One of the problems with failing to blog for such a long time,apart from forgetting some details, might well be choosing a single image to represent the whole period so I've included a few this time. However, my flickr posts act as a good reminder, as I am better about keepng those up to date. I'm going to start with the present and work backwards. After an unpromising forecast, the weather this weekend is proving very pleasant; plenty of blue skies. I decided to stay local and have a stroll along Rivelin Valley. The recent rain meant the river was quite swollen and everything was looking very nice in the winter sunshine. There was a surprising number of fungi, especially jellies and brackets, a number of inkcaps and oyster mushrooms. On the bird front, I managed a couple of reasonable shots of a grey wagtail, and a sweet one of a robin. The Heron of Doom flew overhead.
Last weekend, the weather was so foul, I didn't get out, so it was a bit of a lost weekend, but the one before saw me walking from home up to Stacey Bank on Loxley Valley. The Enviromnment Agency work at Malin Bridge makes it look very bare, but now you can actually see "Watersmeet" and I'm sure that in time, it will benefit from the clearance and new vegetation will soften the edges. There were quite a few Canada geese near Damflask and some nice bracket fungi around.
The previous weekend, I went to Old Moor. It was a cold, dull day, but there were quite a few birds around - including a few new for me, including goosander and green sandpiper. I managed a few reasonable pictures before the heavens opened; I got a good soaking on the way home, so a good excuse for mulled wine!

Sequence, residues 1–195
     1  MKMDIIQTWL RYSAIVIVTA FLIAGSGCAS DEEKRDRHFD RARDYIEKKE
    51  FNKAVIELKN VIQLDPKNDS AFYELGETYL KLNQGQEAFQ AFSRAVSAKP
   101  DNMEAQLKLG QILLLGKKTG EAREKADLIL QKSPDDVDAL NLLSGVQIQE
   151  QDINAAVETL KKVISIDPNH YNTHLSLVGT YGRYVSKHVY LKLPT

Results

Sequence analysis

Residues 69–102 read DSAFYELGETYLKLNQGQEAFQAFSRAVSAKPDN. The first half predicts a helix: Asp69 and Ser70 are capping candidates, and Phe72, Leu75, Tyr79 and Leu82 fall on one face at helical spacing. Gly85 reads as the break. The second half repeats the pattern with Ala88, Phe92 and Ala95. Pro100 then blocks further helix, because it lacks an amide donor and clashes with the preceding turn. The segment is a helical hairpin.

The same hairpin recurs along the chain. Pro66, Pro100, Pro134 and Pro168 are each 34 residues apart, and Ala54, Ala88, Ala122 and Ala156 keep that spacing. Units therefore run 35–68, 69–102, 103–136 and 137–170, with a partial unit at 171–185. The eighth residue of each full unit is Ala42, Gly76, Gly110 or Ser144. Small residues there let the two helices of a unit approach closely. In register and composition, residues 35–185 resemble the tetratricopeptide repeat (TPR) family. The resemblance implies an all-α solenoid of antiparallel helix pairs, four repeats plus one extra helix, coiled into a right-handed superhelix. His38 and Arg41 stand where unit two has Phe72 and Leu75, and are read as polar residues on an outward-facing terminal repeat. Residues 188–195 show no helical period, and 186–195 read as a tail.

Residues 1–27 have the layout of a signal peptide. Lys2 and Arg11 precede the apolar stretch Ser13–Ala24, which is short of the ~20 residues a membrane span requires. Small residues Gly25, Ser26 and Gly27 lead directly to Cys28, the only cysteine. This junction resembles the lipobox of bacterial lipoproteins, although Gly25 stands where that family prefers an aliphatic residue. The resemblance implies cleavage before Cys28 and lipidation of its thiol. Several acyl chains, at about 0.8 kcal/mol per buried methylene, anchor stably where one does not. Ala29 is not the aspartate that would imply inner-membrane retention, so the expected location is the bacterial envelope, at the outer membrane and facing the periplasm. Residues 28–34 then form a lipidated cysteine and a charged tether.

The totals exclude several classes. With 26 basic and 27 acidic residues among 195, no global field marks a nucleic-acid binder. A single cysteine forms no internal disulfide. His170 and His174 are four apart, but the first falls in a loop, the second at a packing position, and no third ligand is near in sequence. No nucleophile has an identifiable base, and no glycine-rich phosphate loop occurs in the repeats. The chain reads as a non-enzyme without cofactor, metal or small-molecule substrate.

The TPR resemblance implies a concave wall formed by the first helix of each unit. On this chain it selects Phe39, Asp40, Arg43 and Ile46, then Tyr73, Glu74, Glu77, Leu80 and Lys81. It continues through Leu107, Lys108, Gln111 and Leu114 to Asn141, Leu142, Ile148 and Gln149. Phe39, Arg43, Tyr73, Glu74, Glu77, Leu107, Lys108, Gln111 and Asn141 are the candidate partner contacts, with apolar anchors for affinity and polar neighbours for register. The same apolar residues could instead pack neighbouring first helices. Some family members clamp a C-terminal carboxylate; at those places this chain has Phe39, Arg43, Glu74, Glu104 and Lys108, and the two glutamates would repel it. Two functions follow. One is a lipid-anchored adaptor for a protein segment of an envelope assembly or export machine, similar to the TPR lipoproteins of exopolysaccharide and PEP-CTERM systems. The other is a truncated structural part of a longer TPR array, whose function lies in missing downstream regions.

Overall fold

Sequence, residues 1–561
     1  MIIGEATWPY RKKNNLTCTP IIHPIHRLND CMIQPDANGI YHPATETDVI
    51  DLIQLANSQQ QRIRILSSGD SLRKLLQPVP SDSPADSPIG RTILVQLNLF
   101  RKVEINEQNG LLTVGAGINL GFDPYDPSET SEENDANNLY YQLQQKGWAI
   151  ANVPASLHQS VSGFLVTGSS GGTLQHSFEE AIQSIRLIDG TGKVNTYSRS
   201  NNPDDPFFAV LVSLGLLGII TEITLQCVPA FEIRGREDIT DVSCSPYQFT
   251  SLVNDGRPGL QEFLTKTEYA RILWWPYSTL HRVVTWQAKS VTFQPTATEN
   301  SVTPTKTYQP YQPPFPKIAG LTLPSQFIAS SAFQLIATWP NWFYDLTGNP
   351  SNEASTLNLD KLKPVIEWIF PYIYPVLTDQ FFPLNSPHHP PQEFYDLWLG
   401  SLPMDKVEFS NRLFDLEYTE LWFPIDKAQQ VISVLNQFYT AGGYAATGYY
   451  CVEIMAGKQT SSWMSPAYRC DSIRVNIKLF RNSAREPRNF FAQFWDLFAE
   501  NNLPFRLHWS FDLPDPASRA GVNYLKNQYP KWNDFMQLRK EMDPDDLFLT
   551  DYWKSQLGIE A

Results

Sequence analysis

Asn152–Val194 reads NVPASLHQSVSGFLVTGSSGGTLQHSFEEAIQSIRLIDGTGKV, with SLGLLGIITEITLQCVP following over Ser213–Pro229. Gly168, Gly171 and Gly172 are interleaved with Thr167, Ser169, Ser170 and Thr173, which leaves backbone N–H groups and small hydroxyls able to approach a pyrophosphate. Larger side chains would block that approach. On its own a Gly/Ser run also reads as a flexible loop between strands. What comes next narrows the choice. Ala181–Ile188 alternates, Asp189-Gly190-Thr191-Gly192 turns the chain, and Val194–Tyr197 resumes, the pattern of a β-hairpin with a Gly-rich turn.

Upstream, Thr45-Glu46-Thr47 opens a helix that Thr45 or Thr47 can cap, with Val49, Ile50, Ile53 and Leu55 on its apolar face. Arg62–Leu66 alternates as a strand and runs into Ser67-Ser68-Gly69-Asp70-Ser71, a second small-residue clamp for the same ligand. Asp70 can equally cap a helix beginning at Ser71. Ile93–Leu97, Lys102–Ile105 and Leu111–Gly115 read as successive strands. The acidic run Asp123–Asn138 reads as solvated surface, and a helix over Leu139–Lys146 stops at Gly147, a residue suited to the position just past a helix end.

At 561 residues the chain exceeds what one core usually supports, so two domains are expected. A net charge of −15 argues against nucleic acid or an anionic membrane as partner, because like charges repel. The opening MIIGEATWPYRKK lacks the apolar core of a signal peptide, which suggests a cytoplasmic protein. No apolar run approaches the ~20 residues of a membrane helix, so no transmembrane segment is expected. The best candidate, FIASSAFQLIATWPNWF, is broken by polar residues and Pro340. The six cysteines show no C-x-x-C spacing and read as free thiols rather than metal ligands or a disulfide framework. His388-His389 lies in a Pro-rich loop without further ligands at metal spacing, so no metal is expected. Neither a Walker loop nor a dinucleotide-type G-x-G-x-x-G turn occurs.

The week before that I set off to walk along Loxley Valley, but by the time I had got to Malin Bridge, I was already very wet. I was determined not to return, and putting my faith in the weather forecast, I decided to have a bit of a mystery tour, so bought a South Yorkshire Day Tripper on the tram and decided to keep going until the weather improved, catching the first local train available at the station. I ended up at Elsecar and as the sun came out, had a pleasant stroll around the res. As always, there were several Great Crested Grebes - as advertised on the information board. I was also treated to a sighting of a stoat (I say this with conviction, as I saw it's black tail tip), a blewitt, and some rather fine Phellinus igniarius (picture chosen!) on willow.
Can you see the face with its fine hat?
The week before was half term; we had a rather splendid few days in Sherwood Forest. I have been promising myself a trip to Creswell Crags for a number of years now, so it was incorporated in this trip on the outward trip. Well worth a visit! It is amazing how this remarkable and atmospheric limestone gorge is only a stone's throw from the unspectacular scenery of this area on the border between Derbyshire and Nottinghamshire. The new visitors' centre is very good, and the cafe is to be recommended. We finished that first day with a stroll round the forest, and managed to get lost as it was going dark. The following day, we walked around Clumber park, and on Saturday, we did an extended superb walk through the Sherwood forest and its surrounding area. This photo is of one of the finest areas of the forest near the centre tree.